The Dictionary provides the historical background and etymology of a wide range of words related to these concepts, looking at discourses of race, ethnicity, and culture from a broadly multicultural perspective.
With some 2,500 entries, this dictionary, the first reference guide of its kind, is designed as a comprehensive reference work on all aspects of American immigration history. All American ethnic groups are included, with essay-entries on general subjects, e.g., immigration, patterns of immigrant settlement in the U.S., socialization, acculturation, and related themes.
Traces the scope and sweep of U.S. immigration from the earliest colonial settlements to the present, focusing on critical issues as well as the groups of people involved. Every major immigrant group and every era are fully documented and examined through detailed analysis on social, legal, political, economic, and demographic factors.
The Encyclopedia of Human Ecology
by Julia R. Miller; Richard M. Lerner; Lawrence B. Schiamberg; Trustees of Tufts University Staff; Pamela M. Anderson
Publication Date: 2003-08-13
The first-and only-source to integrate the multiple disciplines and professions exploring the many ways people interact with the natural and designed environments in which we live.
This eight-volume set includes information on racial and ethnic groups, individuals, events, legislation, and movements. Also provides entries on a broad variety of general topics and themes that may often transcend racial and ethnic issues, such as student activism in the 1960s, the Boy Scouts, and anti-feminism. Includes many illustrations; longer entries include brief bibliographies.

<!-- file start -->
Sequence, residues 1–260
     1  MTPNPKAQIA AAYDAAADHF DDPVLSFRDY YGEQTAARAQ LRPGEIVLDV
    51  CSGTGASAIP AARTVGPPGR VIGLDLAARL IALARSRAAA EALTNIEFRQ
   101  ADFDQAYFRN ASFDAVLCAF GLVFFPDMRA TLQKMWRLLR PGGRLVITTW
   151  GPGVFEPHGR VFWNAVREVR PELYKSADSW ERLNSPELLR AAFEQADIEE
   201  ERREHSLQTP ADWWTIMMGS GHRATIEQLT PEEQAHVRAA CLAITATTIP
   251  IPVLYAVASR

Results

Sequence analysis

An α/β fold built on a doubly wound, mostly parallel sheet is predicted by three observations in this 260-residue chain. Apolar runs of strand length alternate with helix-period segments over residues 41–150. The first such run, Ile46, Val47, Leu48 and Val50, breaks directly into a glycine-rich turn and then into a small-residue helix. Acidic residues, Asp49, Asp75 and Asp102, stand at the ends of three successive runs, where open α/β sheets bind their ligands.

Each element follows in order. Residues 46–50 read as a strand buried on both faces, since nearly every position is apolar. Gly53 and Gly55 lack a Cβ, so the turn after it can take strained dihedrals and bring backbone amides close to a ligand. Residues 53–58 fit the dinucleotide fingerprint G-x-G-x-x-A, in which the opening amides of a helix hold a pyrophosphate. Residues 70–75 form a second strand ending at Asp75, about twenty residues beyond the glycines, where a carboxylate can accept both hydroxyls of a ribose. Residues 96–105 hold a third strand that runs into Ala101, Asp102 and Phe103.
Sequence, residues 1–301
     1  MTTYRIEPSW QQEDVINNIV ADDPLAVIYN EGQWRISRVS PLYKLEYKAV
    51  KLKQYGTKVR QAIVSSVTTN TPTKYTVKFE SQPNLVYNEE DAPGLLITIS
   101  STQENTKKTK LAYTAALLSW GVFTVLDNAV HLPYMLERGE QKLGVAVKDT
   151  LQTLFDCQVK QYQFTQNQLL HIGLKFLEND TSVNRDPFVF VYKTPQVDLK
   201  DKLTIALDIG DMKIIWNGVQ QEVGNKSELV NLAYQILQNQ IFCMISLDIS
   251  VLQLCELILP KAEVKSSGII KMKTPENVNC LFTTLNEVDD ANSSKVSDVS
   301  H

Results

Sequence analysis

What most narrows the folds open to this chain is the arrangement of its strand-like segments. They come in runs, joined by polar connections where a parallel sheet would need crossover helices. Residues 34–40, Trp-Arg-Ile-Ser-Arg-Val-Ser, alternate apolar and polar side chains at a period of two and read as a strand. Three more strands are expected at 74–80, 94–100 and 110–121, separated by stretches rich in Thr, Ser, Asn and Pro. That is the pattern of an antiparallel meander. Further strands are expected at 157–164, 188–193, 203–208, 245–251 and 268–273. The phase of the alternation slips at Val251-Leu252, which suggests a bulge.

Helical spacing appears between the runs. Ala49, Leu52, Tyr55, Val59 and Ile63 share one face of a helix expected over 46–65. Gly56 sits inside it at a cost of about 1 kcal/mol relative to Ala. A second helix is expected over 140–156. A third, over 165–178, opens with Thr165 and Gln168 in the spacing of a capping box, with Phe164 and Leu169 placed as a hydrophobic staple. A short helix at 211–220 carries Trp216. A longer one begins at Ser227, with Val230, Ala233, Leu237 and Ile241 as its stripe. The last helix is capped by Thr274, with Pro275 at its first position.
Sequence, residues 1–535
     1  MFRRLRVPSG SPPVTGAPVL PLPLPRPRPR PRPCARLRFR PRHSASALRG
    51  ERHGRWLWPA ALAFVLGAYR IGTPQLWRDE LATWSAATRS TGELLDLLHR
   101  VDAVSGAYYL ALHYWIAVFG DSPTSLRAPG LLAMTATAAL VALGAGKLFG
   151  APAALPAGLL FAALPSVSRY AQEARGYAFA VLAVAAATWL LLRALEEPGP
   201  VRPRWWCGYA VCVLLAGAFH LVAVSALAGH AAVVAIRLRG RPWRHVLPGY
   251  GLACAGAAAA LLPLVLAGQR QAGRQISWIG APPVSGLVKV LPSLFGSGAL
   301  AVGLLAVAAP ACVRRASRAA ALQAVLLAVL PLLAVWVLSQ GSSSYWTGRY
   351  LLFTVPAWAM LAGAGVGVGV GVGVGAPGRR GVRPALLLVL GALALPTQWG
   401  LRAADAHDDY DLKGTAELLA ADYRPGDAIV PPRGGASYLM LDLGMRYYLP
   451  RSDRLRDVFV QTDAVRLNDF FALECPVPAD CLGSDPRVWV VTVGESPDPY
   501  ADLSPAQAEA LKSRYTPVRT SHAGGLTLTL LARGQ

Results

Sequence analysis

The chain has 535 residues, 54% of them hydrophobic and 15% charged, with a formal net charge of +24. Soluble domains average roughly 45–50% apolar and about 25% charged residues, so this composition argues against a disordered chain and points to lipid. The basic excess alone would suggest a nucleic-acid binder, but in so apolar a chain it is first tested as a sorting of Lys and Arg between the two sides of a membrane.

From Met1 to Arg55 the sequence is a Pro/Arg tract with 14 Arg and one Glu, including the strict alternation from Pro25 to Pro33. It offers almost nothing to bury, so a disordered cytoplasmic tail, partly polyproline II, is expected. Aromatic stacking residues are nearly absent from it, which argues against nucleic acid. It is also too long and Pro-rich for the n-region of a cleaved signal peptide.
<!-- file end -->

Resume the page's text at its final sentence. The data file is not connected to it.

Provides data and statistics on Asian Americans, African Americans, Latinos/Latinas, American Indians, and "whites" in the U.S., focusing on topics such as education, health, households and living arrangements, housing, income, labor force, population, and wealth & spending. Compiled originally for marketing research, but useful for other applications as well.
This set covers 161 non-indigenous cultural groups and European groups. From the Acadians to the Zoroastrians, it discusses the unique cultural characteristics of each group including detailed immigration and settlement histories, language, economic patterns, housing, religion, marriage, family and kinship, relations with other ethnic groups, as well as discrimination experienced by the group.
Timely and authoritative information on a crucial world problem is found in this work, a volume in ABC-Clio's new series, Encyclopedias of the Human Experience. It covers two kinds of topics: definitions of terms pertinent to the study of ethnic relations (e.g., ethnocentrism, genocide, irredentism) and descriptive profiles of 38 contemporary ethnic conflicts.
The Gale Encyclopedia of Multicultural America contains 152 original essays (about 8,000-12,000 words each) on specific minority and ethnic groups in the U.S., with an emphasis on culture (religions, holidays, customs, language) in addition to information on historical background and settlement patterns. The Encyclopedia also covers ethnoreligious groups such as Jews, Chaldeans, and Amish.
This encyclopedia discusses every known American film [until 1960] with a connection (behind or in front of the camera) to ethnicity. Arranged alphabetically, the entries include plot summaries, principal actors and directors. There are chronological, personal name, subject, ethnic category, and foreign language indexes.
This stand-alone two-volume set offers a wealth of first-hand insights into the experiences of approximately 90 U.S. ethnic groups and perfectly complements the essay approach of the Gale Encyclopedia of Multicultural America.